CMFT Public Programmes team member speaks at NIHR event to share inspiring ways of involving the public in clinical research
A member of the Central Manchester University Hospitals NHS Foundation Trust (CMFT) Public Programmes team has spoken at an NIHR event aimed at inspiring solutions in public involvement in research.
The one-day event, at The Studio in Manchester, provided researchers and members of the community with the opportunity to explore and share effective ways of involving the public in health and social care research.
Participants were able to gain a broader understanding of opportunities for public involvement at different stages of research processes; challenges in public involvement in health research and ways to overcome these, and innovative ways of designing meaningful public involvement in research.
Suzanne presented a talk on the Young People’s Opinions Underlying Rheumatology Research (YOURR) project; around involving young people with rheumatic conditions in research priority setting.
Members of the CMFT Public Programmes team, the Centre for Musculoskeletal Research at The University of Manchester and the NIHR Manchester Musculoskeletal Biomedical Research Unit (BRU) are currently running the YOURR programme, on behalf of the Barbara Ansell National Network for Adolescent Rheumatology (BANNAR).
Researchers have been holding focus group discussions across the UK with people aged between 11 and 24 years old, who got involved through rheumatology clinics of BANNAR members and national rheumatology charities including Arthritis Care. Data collection for the project is now complete and during the next stage, researchers will be recruiting young people with rheumatic conditions to an involvement group.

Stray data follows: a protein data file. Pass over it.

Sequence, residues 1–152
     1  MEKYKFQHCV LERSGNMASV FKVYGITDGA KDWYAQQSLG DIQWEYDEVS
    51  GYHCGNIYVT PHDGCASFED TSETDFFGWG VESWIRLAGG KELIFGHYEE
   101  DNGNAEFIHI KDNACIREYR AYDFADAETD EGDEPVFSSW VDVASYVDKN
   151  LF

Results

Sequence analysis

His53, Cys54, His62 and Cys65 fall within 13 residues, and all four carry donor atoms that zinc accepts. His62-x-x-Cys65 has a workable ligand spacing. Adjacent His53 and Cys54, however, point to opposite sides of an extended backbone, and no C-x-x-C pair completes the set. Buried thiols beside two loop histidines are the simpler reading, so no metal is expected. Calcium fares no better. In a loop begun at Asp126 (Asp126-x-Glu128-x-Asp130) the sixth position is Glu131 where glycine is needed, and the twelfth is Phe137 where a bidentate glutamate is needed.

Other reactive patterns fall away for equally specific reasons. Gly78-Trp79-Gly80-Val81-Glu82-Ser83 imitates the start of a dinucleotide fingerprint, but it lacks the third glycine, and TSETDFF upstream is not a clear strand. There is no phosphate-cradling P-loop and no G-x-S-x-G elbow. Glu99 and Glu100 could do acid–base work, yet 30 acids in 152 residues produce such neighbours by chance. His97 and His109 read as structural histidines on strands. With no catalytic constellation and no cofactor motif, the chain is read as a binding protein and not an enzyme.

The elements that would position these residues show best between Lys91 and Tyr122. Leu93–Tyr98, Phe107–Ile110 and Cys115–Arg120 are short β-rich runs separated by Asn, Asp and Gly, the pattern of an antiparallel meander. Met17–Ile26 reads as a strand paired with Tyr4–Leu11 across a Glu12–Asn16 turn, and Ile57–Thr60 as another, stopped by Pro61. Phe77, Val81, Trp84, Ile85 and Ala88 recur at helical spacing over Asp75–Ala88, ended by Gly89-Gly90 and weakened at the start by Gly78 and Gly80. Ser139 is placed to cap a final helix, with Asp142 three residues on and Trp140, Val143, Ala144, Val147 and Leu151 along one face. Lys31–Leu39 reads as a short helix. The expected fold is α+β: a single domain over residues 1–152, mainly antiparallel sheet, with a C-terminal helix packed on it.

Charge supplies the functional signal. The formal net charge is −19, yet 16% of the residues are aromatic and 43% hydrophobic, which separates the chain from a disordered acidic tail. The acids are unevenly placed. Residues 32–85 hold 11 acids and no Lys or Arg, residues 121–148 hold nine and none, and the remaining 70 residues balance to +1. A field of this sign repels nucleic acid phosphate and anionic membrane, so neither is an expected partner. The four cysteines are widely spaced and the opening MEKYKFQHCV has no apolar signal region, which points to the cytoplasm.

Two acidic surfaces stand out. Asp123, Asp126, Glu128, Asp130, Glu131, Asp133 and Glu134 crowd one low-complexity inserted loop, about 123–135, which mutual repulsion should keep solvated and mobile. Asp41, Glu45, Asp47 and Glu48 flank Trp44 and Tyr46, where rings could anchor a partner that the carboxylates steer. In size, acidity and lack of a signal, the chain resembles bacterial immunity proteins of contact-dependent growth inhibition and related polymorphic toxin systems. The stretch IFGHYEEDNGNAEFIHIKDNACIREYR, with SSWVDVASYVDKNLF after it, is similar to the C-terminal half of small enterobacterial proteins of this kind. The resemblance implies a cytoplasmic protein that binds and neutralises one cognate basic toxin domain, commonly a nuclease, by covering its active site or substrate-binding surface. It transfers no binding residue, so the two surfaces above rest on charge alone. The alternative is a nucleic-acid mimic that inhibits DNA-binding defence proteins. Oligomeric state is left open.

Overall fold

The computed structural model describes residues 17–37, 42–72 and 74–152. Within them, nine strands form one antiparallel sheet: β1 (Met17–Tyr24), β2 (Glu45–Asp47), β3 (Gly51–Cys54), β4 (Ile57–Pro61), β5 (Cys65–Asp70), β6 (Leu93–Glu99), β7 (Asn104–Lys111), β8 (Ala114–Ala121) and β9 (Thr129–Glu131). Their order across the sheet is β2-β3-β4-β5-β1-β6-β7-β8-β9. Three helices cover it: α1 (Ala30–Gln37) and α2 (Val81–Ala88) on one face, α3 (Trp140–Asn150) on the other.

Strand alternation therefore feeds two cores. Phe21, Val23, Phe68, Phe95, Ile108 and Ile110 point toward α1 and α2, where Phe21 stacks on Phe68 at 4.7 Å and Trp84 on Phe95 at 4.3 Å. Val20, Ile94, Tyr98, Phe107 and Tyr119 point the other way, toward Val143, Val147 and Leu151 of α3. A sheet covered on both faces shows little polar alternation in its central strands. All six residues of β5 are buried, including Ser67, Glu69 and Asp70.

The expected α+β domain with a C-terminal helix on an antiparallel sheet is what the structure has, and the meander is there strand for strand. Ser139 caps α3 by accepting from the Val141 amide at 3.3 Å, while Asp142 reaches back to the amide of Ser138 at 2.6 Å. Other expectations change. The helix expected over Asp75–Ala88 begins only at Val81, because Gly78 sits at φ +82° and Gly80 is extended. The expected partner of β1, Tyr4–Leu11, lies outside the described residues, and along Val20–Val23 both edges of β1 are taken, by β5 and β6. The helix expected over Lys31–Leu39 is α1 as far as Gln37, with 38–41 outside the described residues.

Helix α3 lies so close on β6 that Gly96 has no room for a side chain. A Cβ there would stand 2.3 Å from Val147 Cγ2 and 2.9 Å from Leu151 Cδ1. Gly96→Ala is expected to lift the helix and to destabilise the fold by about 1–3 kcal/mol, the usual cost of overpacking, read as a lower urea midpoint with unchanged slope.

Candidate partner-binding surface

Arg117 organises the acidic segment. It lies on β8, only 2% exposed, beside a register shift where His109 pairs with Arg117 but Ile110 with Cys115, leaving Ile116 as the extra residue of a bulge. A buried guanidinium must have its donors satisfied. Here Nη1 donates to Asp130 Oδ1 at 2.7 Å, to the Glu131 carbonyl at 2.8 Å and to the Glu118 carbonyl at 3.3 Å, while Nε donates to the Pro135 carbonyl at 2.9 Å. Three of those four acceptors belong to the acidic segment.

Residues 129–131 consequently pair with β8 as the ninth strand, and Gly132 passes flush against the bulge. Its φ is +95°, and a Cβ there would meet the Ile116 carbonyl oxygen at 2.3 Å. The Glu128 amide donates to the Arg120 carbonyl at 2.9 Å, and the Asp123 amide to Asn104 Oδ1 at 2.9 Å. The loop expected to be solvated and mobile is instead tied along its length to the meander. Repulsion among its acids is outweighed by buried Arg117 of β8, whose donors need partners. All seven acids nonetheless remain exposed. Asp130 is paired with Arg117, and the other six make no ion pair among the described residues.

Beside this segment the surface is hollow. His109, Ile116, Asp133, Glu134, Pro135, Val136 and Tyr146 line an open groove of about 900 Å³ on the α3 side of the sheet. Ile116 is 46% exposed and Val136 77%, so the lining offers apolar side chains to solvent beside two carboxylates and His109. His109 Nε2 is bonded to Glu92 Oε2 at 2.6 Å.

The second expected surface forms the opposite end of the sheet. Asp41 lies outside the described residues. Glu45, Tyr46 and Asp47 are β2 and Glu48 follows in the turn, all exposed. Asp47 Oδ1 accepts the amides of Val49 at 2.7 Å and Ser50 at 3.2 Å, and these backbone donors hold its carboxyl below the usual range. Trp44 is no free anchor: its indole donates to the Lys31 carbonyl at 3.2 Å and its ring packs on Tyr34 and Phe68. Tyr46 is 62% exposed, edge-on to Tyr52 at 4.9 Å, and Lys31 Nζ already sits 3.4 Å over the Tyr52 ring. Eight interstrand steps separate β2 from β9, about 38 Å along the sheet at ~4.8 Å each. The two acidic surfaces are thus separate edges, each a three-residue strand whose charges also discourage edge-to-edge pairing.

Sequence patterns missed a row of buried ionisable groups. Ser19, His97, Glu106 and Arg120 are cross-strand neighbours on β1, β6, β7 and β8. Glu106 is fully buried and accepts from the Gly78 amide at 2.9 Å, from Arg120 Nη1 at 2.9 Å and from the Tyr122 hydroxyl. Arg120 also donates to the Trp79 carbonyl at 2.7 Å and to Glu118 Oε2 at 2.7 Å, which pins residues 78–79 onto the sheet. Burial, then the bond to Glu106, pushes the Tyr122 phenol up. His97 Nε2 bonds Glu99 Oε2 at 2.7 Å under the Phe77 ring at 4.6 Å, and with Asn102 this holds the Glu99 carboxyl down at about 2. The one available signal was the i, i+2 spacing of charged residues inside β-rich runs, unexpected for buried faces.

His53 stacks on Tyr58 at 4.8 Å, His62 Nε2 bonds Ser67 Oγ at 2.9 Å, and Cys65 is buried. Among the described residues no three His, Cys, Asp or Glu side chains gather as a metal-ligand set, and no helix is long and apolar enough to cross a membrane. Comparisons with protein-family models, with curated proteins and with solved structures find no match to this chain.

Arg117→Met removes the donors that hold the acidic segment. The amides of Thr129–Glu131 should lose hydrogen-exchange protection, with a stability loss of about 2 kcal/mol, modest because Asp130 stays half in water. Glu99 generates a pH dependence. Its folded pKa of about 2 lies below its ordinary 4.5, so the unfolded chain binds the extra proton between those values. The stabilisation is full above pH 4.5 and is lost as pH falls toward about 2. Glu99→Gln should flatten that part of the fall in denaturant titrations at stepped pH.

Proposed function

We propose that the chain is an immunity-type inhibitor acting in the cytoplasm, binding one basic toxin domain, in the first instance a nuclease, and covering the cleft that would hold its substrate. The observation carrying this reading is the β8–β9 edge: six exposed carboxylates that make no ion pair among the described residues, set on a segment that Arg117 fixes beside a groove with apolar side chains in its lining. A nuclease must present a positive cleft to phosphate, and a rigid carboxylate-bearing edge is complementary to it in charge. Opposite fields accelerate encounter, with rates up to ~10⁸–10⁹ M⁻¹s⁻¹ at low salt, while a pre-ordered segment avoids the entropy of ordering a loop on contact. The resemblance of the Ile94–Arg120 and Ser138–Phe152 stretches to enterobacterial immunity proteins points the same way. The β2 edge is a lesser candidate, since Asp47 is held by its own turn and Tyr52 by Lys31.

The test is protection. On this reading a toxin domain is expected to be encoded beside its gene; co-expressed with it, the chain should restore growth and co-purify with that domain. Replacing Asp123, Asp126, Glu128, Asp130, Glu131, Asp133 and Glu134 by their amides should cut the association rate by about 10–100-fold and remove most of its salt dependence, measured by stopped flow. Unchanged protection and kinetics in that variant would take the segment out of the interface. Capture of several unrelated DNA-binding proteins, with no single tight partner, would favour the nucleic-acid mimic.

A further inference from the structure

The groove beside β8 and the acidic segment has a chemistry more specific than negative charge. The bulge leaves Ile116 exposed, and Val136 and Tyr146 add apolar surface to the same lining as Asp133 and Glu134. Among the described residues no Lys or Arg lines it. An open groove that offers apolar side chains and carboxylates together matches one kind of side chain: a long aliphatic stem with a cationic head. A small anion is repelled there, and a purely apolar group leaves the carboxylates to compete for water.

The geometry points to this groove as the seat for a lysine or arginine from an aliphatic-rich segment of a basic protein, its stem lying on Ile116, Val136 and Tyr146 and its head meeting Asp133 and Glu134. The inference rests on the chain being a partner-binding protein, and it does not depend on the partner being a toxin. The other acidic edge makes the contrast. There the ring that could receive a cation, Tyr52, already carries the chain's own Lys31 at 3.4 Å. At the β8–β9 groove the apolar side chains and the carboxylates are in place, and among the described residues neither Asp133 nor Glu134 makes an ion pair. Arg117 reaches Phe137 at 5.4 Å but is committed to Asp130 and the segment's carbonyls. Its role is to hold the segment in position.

Suzanne is the study’s Research Associate and said:
I am really pleased to have been invited to speak at a prestigious local event, regarding a topic that I am so passionate about.
“There have been no studies exploring the research priorities of young people with long term conditions including rheumatic diseases to date, and this is why it is so important to undertake research in this area and to raise awareness of it being done.”
Other speakers on the day highlighted positive public involvement in research including in the CaFI (Culturally-adapted Family Intervention) study, and the Identifying Continence OptioNs after Stroke (ICONS) trial. There were also opportunities for group work and networking to share ideas and best practice.